US biopharmaceutical company Verastem Oncology has appointed member of the board of directors Brian Stuglik as CEO. Stuglik has over 30 years’ experience of pharmaceutical development, product strategy and commercialisation in oncology.
Just as our everyday lives rely on seeing things, so they also depend upon radiation outside the confines of the visible region, the ‘light we cannot see’, as the author Bob Berman calls it. This book represents a fascinating journey across the spectrum of invisible light, from the discoveries of the past to the applications of the present.
Acrylamide is a water-soluble substance with the simple chemical formula C3H5NO. It is regarded as a hazardous chemical because it adversely affects the central nervous system, male reproduction and development, as well as being carcinogenic in mice and rats. An evaluation by the International Agency for Research on Cancer (IARC) finds that acrylamide is ‘probably’ carcinogenic for humans. However, while there is evidence from epidemiological and toxicity studies to show that acrylamide is carcinogenic in rodents, such evidence is lacking with respect to the health risk in humans resulting from food exposure.
At a time when the focus on plastics is centred on sustainability and recyclability, the main attention is on post-consumer waste – post-industrial waste is mainly ignored. One polymer that does figure in post-industrial waste, however, stands out due to what many in the industry say is its undeserved poor reputation: polyvinylchloride (PVC). While the polymer has often been criticised, they claim it can fairly be described as one of the more sustainable and recyclable of all the thermoplastic resins.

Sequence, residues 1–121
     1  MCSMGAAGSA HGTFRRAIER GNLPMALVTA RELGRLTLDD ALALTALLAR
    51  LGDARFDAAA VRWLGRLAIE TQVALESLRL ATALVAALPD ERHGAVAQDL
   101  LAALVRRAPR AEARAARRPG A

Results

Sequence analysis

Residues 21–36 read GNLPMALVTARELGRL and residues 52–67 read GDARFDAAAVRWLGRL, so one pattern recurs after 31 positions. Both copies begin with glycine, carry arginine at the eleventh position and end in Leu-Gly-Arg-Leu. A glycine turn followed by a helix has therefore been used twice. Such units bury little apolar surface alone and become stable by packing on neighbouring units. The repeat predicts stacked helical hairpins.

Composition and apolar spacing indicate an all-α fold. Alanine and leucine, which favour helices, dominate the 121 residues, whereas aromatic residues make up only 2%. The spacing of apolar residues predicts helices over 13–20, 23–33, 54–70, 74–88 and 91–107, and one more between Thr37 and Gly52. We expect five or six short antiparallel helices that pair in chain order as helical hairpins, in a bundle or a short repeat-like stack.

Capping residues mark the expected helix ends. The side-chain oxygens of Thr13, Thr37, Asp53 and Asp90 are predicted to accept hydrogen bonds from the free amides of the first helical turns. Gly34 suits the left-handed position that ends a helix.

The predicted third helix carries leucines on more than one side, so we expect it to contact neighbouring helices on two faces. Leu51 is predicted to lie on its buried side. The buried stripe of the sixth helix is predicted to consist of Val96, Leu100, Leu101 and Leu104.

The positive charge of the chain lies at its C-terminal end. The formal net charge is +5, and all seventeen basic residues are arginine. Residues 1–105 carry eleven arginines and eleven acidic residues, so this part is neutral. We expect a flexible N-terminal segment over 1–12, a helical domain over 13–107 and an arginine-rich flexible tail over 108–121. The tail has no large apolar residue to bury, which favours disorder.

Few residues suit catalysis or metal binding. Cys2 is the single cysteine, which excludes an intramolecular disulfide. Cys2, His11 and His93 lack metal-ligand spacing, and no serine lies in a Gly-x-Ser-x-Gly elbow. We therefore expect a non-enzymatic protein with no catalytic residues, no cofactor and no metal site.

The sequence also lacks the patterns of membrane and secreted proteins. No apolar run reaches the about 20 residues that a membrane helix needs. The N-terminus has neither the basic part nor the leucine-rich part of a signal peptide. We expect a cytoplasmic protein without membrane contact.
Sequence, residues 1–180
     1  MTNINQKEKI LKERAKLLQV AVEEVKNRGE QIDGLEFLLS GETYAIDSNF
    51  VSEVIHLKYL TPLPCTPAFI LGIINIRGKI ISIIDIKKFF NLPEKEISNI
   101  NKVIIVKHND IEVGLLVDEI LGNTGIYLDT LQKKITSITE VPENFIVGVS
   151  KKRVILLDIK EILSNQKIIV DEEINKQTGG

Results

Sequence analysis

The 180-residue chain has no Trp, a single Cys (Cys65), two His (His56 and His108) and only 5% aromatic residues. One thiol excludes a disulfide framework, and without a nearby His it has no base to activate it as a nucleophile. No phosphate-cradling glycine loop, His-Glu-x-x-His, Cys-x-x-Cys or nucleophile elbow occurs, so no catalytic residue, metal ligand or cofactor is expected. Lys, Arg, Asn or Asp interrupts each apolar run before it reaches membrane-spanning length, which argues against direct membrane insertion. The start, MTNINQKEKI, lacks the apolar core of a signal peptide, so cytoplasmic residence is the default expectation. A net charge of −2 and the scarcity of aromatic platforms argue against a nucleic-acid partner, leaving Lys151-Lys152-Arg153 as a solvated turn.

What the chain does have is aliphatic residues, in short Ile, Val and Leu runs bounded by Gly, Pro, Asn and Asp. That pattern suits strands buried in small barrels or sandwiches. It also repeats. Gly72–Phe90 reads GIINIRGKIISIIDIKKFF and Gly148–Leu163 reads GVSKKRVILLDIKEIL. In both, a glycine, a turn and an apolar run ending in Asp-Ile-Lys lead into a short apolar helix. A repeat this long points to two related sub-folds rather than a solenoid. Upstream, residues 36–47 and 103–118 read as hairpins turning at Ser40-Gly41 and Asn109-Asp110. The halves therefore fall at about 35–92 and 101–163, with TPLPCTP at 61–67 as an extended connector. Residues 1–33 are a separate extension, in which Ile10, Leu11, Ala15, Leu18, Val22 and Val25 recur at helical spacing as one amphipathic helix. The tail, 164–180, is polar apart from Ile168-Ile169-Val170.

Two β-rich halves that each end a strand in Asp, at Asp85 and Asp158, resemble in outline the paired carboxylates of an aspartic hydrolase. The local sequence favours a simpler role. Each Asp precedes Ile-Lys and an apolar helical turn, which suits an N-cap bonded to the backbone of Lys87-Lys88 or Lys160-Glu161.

A novel high-performance membrane of nanoporous graphene could facilitate the capture of carbon dioxide from industrial waste streams. The 2D graphene structure, just 20nm thick, allows gas to transit easily through the membrane (Energy & Environmental Science, doi: 10.1039/c9ee01238a).
Ever wondered what cinnamic acid might sound like? Or caffeine, and water and a host of other common molecules? Now, scientists at Bradford University have got together with students from Ilkley Grammar School in Yorkshire to make music from molecules – by converting the vibrations of the constituent atoms into sound waves and using them to make musical tunes.
The race is on, particularly in Europe, to build battery production capacity to take advantage of what is likely to be a massive switch to electric powered cars and other light duty vehicles, Sean Milmo reports.
Deteriorating US-China trade relations make it all the more important to find more sustainable high-performance magnets to replace the traditional rare earth metals, reports Michael Gross
With numbers of insect pollinators declining alarmingly in recent years, scientists are finding novel ways to help bees and other insects thrive, reports Vanessa Zainzinger.
As part of its review of chemicals management, the 2019 Helsinki Chemicals Forum also tackled the circular economy as well as plastics pollution. Neil Eisberg reports